Migrating to Polymer 1.0

In the latest Google I/O the Polymer team introduced the first production-ready version of Polymer(1.0) and as they said many parts have been completely rewritten
and is now faster and better than ever.
Let me check the migration instructions, oh…
If you didn’t follow along with the latest pre-releases(0.7, 0.9) and stayed on the 0.5.x branch(like me), everything will be broken, let me name a few core changes :

Exploring the possibilities of live unit testing [Experiment]

I really enjoy writing automated tests(yes, really) for basically anything i am working on, i sometimes go test-first if something is clear how it’s going to end or at least clear enough
to see a possible outcome as you go.But what i don’t do is mocking!(sometimes unavoidable, but still) I usually use a set of fixtures with real data(at least as real as a predefined piece of information can be), letting my tests hit real endpoints and databases and actually thinning the barrier between unit and integration testing.

Static website comments? - Introducing EasyComments!

After finishing this blog i wanted to add some type of discussion or comment system for communication, productive arguing and such.
There are many great services like disqus that can be quickly intergrated and quite usable and pretty, but i needed something really simple
and self-managed(too much free time maybe?).

Polymer: Vulcanize all the things!

Update: With the release of stable Polymer 1.0 there have also been some changes to vulcanize, so the post has been updated accordingly.
Make sure you read the migration page and README.

I have been playing around with Polymer for the last few weeks and it is really enjoyable.Reusable little pieces with encapsulated html, css and javascript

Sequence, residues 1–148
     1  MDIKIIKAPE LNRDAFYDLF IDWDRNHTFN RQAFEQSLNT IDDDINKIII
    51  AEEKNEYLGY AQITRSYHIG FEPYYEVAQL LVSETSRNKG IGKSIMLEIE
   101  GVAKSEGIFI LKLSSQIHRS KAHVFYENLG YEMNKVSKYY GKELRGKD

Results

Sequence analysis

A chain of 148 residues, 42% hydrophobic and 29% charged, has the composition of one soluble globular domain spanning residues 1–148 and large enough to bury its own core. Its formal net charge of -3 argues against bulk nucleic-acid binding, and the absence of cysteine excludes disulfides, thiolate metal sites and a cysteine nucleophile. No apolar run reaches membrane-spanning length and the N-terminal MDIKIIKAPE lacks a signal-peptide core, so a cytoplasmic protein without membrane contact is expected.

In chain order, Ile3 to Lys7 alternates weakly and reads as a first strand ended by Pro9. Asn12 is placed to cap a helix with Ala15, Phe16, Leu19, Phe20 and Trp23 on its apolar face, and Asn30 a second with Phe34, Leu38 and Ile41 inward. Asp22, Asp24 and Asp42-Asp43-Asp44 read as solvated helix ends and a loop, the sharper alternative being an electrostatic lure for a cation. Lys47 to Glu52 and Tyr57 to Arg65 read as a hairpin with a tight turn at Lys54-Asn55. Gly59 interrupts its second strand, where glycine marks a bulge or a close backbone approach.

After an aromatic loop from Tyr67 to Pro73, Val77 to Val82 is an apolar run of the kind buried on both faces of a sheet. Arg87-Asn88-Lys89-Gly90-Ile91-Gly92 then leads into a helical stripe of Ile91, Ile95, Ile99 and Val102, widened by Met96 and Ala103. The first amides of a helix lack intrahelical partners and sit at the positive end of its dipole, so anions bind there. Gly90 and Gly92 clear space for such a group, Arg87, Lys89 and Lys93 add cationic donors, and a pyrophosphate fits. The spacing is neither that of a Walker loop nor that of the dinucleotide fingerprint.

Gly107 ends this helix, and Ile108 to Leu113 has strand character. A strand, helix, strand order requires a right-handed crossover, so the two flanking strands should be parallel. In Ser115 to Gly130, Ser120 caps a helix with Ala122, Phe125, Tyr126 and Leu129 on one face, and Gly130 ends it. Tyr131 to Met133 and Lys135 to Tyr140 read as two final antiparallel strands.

combined with useful core elements and default paper elements which are really pretty plus the ever-growing custom-elemenets repository.

First post ever

You know it’s great having a blog, you have so much fun making it, setting things up, move elements around, playing with colors.Great that should do it!
But then comes the time to actually add some content(that’s what you made it for? isn’t it?)
So here is my first post on how i built it.

There are many great blogging(or cms) platforms like wordpress or drupal and refinery(written in ruby which i love) but do i actually need all that functionality they provide? Probably not, so here comes jekyll!
Jekyll is a static site generator that is blog aware(yes you can make blogs with it) that comes as a ruby gem which is really easy to setup and really configurable.
Ok, got the platform right, but how about actually learning something new in the process? Webcomponents(and polymer)!
Webcomponents and polymer-project is a new piece of technology that i have been very excited about and following for the past year, check it out at polymer-project.org
Lastly, let’s host it somewhere! Github pages is the answer which is free and it’s actually using jekyll so everything is automated with a beloved ‘git push’.

puts "hello world!"
#also check this sexy monokai